Donald Trump Downplayed Coronavirus Threat From The Beginning, President Says In Taped Bob Woodward Interview

Long before he declared a national emergency over the spread of the coronavirus in March, President Donald Trump said in a taped interview with journalist Bob Woodward that he knew the virus was airborne, highly contagious and far deadlier than the flu.

After he’d declared a national emergency March 13, Trump said he was downplaying a virus that has now killed 190,000 Americans.

“I always wanted to play it down,” Trump told Woodward in a March 19 interview, according to CNN. “I still like playing it down, because I don’t want to create a panic.”

Trump Interviewed 18 Times By Watergate Vet: “This is deadly stuff,” Trump said of COVID-19 in a Feb. 7 interview with Woodward.

“You just breathe the air and that’s how it’s passed. And so that’s a very tricky one. That’s a very delicate one. It’s also more deadly than even your strenuous flu.”

The quote comes from Woodward’s upcoming book “Rage,” the contents of which CNN and others reported on Wednesday.

With fellow Washington Post reporter Carl Bernstein, Woodward famously cracked open the Watergate scandal in the 1970s, which led to President Richard Nixon’s resignation.

Woodward's 'Rage': Woodward faced some criticism Wednesday over keeping the revelations in “Rage” under wraps until now. The book is set for release Sept. 15.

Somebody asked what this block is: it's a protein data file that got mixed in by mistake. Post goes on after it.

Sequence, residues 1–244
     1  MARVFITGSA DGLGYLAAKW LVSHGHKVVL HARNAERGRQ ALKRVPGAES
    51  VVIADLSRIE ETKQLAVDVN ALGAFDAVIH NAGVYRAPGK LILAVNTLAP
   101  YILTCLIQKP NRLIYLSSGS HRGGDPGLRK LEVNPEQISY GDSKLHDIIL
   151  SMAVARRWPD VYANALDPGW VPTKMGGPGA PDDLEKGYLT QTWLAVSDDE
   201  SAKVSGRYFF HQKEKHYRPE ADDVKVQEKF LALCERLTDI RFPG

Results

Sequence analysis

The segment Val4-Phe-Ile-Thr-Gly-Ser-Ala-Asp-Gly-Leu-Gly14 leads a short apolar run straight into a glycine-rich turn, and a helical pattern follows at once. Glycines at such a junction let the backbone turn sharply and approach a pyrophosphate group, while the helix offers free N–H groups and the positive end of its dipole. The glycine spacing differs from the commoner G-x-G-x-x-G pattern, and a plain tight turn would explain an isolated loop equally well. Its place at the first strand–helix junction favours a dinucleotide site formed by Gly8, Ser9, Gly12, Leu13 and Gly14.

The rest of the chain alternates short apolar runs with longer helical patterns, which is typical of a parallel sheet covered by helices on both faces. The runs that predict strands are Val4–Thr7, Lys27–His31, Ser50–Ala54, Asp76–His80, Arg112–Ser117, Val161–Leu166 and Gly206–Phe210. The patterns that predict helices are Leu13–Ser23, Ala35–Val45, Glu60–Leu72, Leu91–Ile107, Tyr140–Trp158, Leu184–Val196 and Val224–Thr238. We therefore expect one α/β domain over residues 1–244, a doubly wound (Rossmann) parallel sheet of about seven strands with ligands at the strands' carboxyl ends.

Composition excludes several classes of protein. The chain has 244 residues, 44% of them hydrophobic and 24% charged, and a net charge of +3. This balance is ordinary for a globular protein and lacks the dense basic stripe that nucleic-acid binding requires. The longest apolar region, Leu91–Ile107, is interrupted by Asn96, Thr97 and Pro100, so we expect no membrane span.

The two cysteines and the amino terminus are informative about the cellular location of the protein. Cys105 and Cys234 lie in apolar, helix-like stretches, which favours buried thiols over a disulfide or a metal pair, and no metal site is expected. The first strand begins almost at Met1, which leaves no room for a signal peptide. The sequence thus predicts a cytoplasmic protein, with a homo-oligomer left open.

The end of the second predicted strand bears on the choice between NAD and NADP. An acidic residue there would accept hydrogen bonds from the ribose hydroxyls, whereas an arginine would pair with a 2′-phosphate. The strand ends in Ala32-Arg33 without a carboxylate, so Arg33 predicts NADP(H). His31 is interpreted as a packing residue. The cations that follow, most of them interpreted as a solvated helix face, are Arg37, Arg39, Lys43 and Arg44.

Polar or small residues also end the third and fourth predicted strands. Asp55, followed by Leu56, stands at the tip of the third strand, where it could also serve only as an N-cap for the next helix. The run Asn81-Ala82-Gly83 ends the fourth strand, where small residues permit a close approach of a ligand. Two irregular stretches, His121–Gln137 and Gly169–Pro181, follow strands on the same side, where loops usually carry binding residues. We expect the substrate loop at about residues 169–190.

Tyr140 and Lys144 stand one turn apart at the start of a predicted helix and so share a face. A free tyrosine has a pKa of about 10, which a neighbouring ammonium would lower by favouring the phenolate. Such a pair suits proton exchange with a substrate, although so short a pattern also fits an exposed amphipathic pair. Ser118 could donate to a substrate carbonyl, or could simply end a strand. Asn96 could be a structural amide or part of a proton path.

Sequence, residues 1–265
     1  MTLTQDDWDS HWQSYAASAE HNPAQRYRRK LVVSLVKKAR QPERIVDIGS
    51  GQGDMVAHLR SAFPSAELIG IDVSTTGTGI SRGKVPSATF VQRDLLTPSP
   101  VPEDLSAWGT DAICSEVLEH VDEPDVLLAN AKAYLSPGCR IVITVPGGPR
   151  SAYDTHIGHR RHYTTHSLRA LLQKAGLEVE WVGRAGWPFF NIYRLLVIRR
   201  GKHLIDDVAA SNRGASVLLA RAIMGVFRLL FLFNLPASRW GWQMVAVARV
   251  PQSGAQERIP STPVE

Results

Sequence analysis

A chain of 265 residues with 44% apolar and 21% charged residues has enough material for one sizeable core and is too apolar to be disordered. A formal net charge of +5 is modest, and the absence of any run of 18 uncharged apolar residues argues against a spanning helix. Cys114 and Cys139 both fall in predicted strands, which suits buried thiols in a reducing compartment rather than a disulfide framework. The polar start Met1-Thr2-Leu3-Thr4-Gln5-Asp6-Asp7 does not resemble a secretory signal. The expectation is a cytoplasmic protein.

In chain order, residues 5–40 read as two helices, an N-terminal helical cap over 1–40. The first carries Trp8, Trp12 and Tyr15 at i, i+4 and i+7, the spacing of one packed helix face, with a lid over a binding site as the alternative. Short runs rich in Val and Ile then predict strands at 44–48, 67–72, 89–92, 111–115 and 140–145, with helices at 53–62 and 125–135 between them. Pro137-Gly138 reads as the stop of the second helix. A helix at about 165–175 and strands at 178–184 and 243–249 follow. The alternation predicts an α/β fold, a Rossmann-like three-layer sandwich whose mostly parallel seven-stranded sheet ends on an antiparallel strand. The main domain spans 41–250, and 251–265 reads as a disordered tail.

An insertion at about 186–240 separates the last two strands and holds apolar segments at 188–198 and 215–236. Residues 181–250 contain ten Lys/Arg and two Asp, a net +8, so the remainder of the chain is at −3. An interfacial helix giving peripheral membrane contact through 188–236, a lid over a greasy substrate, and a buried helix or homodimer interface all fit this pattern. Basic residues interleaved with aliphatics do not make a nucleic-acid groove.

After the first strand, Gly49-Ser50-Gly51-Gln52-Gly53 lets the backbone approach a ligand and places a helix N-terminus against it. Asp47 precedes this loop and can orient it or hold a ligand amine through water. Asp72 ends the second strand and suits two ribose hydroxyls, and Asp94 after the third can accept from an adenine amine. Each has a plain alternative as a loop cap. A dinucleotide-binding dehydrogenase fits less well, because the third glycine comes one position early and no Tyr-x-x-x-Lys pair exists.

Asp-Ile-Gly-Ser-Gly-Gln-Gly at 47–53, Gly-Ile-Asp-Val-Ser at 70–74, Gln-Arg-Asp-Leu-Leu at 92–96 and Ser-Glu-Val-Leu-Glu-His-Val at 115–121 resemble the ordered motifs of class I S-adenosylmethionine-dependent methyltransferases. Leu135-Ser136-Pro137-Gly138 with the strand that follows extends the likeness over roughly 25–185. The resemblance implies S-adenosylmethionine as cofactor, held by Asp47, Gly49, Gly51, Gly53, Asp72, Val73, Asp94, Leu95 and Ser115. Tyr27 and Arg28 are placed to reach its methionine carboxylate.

Woodward interviewed Trump 18 times between Dec. 5, 2019, and July 21 of this year and recorded the interviews with Trump’s permission, according to CNN.

Biden Says Trump Betrayed America: Trump’s acknowledgment of the true nature of the coronavirus to Woodward early in the pandemic stands at odds with his public statements, which have included assurances that COVID-19 was “going to disappear” and that it would “all work out fine.”

Trump has not worn a mask in public with few exceptions, pressured states to reopen their economies from public health lockdowns and held large, in-person rallies during the pandemic.

On Wednesday, Trump called Woodward’s book “a political hit job,” adding: “I don’t want to create panic.”

Democratic presidential nominee Joe Biden, speaking at a campaign event in Warren, Michigan, said Trump “failed to do his job — on purpose. It was a life-and-death betrayal of the American people.”

Trump’s actions are “beyond despicable,” he said. “It’s a dereliction of duty.”

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President Donald Trump boards Air Force One on Sept. 3. White House photo by Tia Dufour. 

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